All Ted Williams ever wanted growing up was to be known as the greatest hitter of all-time.
In a career that spanned four decades, Williams left little room for argument in regards to that discussion.
The Splendid Splinter had a career batting average of .344, ranking him tied for seventh all-time in the major leagues.
Williams also hit 521 career home runs, won the American League Triple Crown twice, and was the last player in baseball to hit .400 when he accomplished the feat in 1941.
He was inducted into baseball's Hall of Fame in 1966, receiving over 93 percent of the votes to gain acceptance into the hall.
All of these accomplishments and more are what put Ted Williams into the argument as one of the best players to ever play the game.
His career was put on hold twice, for almost five full seasons for two wars, and it is what Williams did in those five years that make him a true American icon and hero.
Today is the 65th anniversary of D-Day. It is a day that goes mostly unnoticed by the general public, but it is a day more important than any of us could ever realize.
D-Day was the turning point in World War II; the pivotal day of the 20th century that helped turn away evil forces and ensured people the chance to live freely around the world.
Originally, Williams sought to avoid immediate entrance into the military and build up a trust fund for his mother. Williams was his mother's sole support, but due to constant media scrutiny, Williams enlisted in the Navy on May 22, 1942.
Williams spent much of the war training as a fighter pilot. He received his wings in May 1944, and he then served as a flight instructor teaching young pilots.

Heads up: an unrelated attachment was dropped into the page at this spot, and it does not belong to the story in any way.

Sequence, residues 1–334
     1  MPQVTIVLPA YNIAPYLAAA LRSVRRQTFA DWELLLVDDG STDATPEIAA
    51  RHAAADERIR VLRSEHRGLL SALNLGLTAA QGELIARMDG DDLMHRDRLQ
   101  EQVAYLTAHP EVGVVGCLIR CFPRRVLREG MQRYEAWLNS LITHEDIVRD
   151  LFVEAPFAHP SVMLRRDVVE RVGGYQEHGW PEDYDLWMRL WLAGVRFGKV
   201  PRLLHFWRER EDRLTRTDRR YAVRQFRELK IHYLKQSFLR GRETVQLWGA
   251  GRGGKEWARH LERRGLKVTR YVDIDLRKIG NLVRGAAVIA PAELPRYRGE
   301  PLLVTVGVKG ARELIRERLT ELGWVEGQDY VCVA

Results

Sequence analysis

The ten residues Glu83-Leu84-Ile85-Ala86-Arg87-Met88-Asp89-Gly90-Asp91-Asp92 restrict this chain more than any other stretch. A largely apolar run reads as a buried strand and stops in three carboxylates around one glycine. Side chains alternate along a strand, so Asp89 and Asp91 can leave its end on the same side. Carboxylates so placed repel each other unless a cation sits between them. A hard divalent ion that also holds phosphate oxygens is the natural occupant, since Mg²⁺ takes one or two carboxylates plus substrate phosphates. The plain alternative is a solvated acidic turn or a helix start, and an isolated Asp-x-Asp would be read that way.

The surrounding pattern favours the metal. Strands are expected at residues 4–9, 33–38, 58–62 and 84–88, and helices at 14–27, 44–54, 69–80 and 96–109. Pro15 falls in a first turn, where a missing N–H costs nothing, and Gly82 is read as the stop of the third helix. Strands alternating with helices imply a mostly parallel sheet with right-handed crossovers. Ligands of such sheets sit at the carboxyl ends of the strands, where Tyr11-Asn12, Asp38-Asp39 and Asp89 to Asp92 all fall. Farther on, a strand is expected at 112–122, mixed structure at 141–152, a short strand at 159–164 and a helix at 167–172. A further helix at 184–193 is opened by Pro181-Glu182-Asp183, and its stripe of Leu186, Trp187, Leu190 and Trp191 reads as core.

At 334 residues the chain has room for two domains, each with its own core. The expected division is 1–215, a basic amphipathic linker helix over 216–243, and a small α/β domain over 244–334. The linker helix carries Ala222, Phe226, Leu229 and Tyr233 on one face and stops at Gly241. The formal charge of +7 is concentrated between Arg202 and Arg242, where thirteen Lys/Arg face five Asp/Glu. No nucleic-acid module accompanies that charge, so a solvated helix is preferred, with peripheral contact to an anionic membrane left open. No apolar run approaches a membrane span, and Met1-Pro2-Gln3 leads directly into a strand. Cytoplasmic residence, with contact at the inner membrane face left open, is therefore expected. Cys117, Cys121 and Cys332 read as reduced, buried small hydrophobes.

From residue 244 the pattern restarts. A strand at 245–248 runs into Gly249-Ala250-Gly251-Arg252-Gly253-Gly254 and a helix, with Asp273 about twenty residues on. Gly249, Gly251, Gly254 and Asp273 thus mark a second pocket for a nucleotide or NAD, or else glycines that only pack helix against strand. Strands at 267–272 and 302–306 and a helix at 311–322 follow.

While in Pearl Harbor awaiting his assignment, the war ended and Williams was released from his duty in January 1946.
He returned to baseball that season and won his first of two MVP awards. Williams also led the Red Sox to the World Series that season.
The Red Sox came up short against the St. Louis Cardinals in seven games that year. Williams had a horrible series, hitting only .200 and striking out five times in the series.
Williams was once again called on to serve in the military in 1952. Although he was 34 at the time, he completed an eight-week refresher course of flight training and headed over to serve in the Korean War.
While serving, Williams flew 39 combat missions in less than a year in Korea. He was discharged in 1953 after a bout with pneumonia revealed an inner ear infection.
After returning from war, Williams went on to play seven more full seasons before retiring after the 1960 season.
In his final at-bat, Williams hit his 521st career home run, which put a stamp on the career of the greatest Red Sox player.
Williams never publicly complained about the significant time lost in his career to his military service. He had every right to and no one would have blamed him for doing so.
Of course, it is all speculation, but you can make a legitimate case that Williams would have easily had over 3000 career hits and could have challenged Babe Ruth's 714 career home run total had he played those five years.
Baseball's loss was America's gain as Williams made his sacrifices with dignity and respect, something today's athletes know very little about.
Williams was said to be a real-life John Wayne. I can think of no better comparison to Williams and Wayne was only portraying an image, Williams lived the image of a true American hero.
Although he is gone, Ted Williams' contributions to baseball and his country will not soon be forgotten.
I urge any of those that have the opportunity today to thank someone that you know that either served in a war or is currently serving their country today.
If that isn't possible, maybe take the chance to learn a bit more about Ted Williams, a hero that this country takes for granted but couldn't thrive without.